Study: Service dogs associated with less-intense PTSD symptoms
March 14, 2018
A preliminary study led by researchers at the Purdue University College of Veterinary Medicine has shown that overall symptoms of post-traumatic stress disorder are less intense among war veterans who have trained PTSD service dogs, according to a Feb. 8 university press release. The Human Animal Bond Research Institute and Bayer Animal Health co-funded the pilot study.
Maggie O'Haire, PhD, assistant professor of human-animal interaction at Purdue's veterinary college, led the study with the help of K9s For Warriors, a nonprofit organization that provides veterans with service dogs. The pilot research project provides scientific evidence of mental health benefits experienced by war veterans with PTSD who have service dogs.
The 141 participants were veterans who applied and were approved to receive a trained PTSD service dog from K9s For Warriors. Approximately half the participants were on the wait-list to receive a service dog during the study, and the other half already had a service dog. Results reveal that war veterans suffering from PTSD who had a service dog experienced better mental health and well-being on several measures, including the following:
Lower overall symptoms of post-traumatic stress.
Lower degrees of depression.
Higher degrees of life satisfaction.
Higher overall psychological well-being.
Lower degrees of social isolation and greater ability to participate in social activities.
Higher degrees of resilience.
Higher degrees of companionship.
Less absenteeism from work because of health issues among those who were employed.
The only areas measured in which there was no substantial difference between the two groups were physical functioning and employment status, according to the study.
Kerri Rodriguez, human-animal interaction graduate student at Purdue's veterinary college, was co-author of the study.
"The results have important implications for understanding the specific areas of life that a PTSD service dog may help improve," Rodriguez said. "As the number of service dogs given to veterans with PTSD continues to increase, this is an important first step towards proof of concept that service dogs can actually provide measurable, clinical changes for veterans."
Dr. O'Haire and Rodriguez also said that service dogs did not replace evidence-based treatment for PTSD, nor did they cure it. Although the veterans still had PTSD, they had substantially less-intense symptoms.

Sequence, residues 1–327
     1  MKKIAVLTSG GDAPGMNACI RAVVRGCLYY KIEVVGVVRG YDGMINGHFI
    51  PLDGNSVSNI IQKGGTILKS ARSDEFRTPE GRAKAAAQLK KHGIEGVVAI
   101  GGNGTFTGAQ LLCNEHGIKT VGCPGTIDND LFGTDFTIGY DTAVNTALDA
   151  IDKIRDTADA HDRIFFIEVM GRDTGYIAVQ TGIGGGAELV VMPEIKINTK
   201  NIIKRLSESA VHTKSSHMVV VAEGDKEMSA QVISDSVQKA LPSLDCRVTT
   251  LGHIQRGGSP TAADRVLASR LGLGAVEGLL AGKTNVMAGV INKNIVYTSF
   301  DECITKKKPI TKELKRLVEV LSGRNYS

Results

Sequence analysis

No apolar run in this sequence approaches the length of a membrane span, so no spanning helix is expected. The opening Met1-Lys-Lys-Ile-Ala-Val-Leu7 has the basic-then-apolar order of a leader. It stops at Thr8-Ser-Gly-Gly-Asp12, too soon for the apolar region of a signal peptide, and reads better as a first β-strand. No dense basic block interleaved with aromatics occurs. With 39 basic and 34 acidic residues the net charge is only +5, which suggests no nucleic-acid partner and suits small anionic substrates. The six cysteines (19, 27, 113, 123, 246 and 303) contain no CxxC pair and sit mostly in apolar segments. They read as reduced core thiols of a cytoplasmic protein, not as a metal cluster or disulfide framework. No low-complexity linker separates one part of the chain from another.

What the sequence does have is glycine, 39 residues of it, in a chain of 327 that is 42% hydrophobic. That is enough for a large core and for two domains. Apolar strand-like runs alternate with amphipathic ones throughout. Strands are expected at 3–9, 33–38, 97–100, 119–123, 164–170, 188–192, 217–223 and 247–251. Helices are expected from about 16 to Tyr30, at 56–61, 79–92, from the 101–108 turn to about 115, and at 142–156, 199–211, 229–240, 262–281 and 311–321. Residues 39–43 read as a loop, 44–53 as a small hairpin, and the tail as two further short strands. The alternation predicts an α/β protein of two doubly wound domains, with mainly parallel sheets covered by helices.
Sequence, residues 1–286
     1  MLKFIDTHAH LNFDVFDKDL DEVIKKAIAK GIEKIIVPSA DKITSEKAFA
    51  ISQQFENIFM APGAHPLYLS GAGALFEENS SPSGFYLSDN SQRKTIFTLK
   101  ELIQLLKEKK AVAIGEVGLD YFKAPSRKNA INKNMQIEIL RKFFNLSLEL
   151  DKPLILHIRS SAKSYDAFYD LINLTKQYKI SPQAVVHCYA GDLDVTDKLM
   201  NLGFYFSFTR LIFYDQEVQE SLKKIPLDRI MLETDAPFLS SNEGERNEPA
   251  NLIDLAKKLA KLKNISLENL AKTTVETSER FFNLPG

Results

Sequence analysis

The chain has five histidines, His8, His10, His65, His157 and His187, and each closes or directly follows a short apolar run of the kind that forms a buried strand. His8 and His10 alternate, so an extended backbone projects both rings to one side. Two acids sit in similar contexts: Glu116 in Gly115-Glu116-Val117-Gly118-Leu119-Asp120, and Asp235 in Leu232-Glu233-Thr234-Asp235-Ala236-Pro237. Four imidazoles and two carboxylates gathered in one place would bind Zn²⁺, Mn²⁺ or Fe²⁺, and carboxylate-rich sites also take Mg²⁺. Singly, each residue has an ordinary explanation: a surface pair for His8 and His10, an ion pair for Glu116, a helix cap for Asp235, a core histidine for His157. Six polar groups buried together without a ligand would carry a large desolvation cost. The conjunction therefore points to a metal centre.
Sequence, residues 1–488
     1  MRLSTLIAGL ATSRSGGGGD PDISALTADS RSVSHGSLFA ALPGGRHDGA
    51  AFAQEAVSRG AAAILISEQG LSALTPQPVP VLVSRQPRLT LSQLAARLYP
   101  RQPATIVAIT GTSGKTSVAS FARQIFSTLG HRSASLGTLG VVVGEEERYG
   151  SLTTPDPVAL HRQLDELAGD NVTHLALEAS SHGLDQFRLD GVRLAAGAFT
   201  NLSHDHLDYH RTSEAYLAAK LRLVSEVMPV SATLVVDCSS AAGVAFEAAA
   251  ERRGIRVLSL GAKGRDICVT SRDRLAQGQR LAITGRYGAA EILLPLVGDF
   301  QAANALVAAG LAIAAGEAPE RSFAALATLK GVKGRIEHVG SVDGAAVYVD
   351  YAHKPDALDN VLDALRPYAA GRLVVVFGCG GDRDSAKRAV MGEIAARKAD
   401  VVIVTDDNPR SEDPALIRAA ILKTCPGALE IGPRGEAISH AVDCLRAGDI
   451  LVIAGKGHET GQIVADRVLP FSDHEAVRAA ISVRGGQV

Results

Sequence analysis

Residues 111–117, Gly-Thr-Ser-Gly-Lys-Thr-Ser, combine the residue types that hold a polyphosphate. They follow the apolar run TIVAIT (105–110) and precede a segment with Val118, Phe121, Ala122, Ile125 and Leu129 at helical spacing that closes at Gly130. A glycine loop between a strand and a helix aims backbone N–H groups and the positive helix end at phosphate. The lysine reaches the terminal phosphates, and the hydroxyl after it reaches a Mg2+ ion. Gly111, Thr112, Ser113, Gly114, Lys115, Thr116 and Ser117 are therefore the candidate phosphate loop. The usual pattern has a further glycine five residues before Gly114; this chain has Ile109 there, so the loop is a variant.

"Pairing service dogs with our nation's veterans should be recognized as a significant complementary method of treatment," said Steven Feldman, HABRI executive director, in the release. "The U.S. Department of Veterans Affairs has cited a lack of scientific research supporting service dogs for veterans with PTSD. This study is a significant step in providing scientific documentation, and I hope the promising results from this study will prompt a renewed focus on the benefits that service dogs provide."
Rory Diamond, CEO of K9s For Warriors, told JAVMA News that his organization helped facilitate the study to take away the VA's argument that there is no evidence for the effectiveness of providing service dogs in the treatment of PTSD.
"Our warriors use fewer services at the VA, so the overall cost to the government is less (than if they didn't have a service dog), and the warrior is not on pills and is alive," Diamond said. "But dogs cost money and are complicated. The VA is a bureaucracy that doesn't want to change; it's that simple."
K9s For Warriors spends about $24,000 per service dog, including for veterinary care once the veteran and service dog are together.
Dr. O'Haire says the data from the pilot study helped secure National Institutes of Health funding to conduct a large-scale clinical trial to further investigate the efficacy and role of providing service dogs for military veterans with PTSD.
Diamond also hopes the research will help validate which service dog tasks are most useful for veterans as well as whether certain veterans benefit more from a service dog. Anecdotally, he has seen service dogs having the greatest impact in the first two to three years after returning from service.
"That's when a warrior learns to get out of the house, how to go to school or work, and participates in society again. They learn how to get up in the morning, eat full meals, and manage their anxiety and fear," he said.
Afterward, about a third of participants no longer need a service dog, another third keep their service dog for its natural life but don't need a replacement, and the remaining third need a service dog for the rest of their life.